Good footballers, hard training and fall-outs - How Rory Gallagher is bringing some pride back to Derry 3 months ago

Good footballers, hard training and fall-outs - How Rory Gallagher is bringing some pride back to Derry

"You can't really energise a county until you bring back that bit of pride."

The Oakleaf county has something to smile about for the first time in a long time, as they are rampaging through division three teams, looking flying fit, hungry for goals and dominant in the back line.

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A few eyebrows were raised when Rory Gallagher was initially appointed as the Derry manager, given his defensive style of play, demanding personality and a strange habit of spitting into his hands every two minutes.

However, he's the one rubbing his hands together with glee at the moment as he has created a culture change in Derry, injecting some pride back into the county. He has clearly gotten his players into peak physical condition, with an impressive counter-attacking running game.

Speaking on The GAA Hour, Colm Parkinson identifies several reasons why the Ulster side should be excited about the season ahead: "Chrissy McKaigue has gone in as a corner-back, alongside Brendan Rodgers - now the two of them in a full-back line are as good as anywhere in the country.

"I really like their midfield, Conor Glass. He is back playing better this year, he looked a very rusty player last year, but he was only back from the AFL. He's a big lump of a lad, he's maybe not like a Conor McKenna who can just hit the ground running.

"Emmet Bradley, a very direct, bloody good player in midfield, so they have a solid midfield and McGuigan up front is in the very top tier of players, so they have an awful lot going for them."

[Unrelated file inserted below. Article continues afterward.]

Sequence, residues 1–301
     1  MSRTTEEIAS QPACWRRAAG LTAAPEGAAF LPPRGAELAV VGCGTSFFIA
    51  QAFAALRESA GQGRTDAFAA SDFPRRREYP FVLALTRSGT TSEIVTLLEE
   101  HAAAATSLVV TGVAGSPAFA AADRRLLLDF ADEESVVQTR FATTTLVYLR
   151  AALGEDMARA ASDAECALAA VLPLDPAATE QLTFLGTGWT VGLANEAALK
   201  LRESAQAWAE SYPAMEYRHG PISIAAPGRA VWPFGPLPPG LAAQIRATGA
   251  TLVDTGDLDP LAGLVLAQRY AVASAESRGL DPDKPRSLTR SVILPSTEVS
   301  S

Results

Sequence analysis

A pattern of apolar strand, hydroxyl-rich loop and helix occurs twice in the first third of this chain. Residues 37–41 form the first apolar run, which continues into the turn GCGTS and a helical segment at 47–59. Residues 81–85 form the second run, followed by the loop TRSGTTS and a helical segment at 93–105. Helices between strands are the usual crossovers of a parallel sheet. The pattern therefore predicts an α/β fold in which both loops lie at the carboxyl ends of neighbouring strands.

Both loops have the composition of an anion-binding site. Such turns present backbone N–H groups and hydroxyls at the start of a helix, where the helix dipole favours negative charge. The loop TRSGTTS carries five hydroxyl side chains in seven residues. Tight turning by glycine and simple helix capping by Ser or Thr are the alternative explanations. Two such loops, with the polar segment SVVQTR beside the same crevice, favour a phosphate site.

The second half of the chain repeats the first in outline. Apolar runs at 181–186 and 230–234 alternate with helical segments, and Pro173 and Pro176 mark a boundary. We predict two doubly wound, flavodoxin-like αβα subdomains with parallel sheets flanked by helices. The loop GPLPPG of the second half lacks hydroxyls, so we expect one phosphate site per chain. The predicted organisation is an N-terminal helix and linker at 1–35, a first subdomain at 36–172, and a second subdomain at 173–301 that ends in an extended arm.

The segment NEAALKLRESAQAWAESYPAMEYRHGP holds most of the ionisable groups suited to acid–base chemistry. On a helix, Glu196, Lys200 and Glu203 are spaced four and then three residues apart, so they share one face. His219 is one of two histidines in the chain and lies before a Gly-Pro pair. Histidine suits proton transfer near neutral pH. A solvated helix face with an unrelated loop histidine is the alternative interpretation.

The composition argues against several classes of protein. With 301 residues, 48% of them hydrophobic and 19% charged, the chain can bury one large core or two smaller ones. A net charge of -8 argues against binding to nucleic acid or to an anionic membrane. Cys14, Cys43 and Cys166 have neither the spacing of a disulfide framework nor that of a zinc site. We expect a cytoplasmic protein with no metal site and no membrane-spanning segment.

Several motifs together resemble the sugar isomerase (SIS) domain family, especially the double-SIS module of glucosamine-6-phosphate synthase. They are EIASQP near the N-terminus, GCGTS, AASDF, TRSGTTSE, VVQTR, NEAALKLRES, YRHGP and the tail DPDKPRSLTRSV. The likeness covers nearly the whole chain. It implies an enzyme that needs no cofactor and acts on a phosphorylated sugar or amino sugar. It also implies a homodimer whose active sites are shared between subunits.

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Donegal legend Brendan Devenney has came up against some very tough Derry sides in his years of playing and he believes that having good players is only a part of what's needed to make it to that next level.

"Gallagher has a lot to work with," admitted the former forward. "But the mindset, attitude - you need a lot of ingredients to push on to be a top team. Obviously, you need a decent club structure and good club teams, which Derry have. You need some finances, but you need the will of the county behind you.

"There is such an ingrained, tough club championship there that it's taken over, and as the county went down, it played more into that. Derry were used to being up at the top, I remember back to the early 90's, all the ding-dongs with Donegal, who won it in '92. Derry won it in '93 and many people said they should have won another one.

"They won a few leagues, they were right up there in the glory days - it's very hard for a team to drop that far down, with the talent that they have.

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"There were stories at the start of the year that there was a bit of a fall-out with Enda Lynn and I think Gallagher is very critical in there and was snapping at people. That's the word I was hearing back from the Derry camp.

"He gives it to you in training, puts it up to you, but I guess he wants the right result and there's one or two guys, who couldn't handle that. It looks like he's got the momentum going in the right way.

"You can't really energise a county until you bring back that bit of pride, so what comes first? It's really up to the team to come together and to build up the county, pull it back and get everyone in.

"Gallagher looks like he is doing that."

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Listen to the full discussion on the GAA Hour now.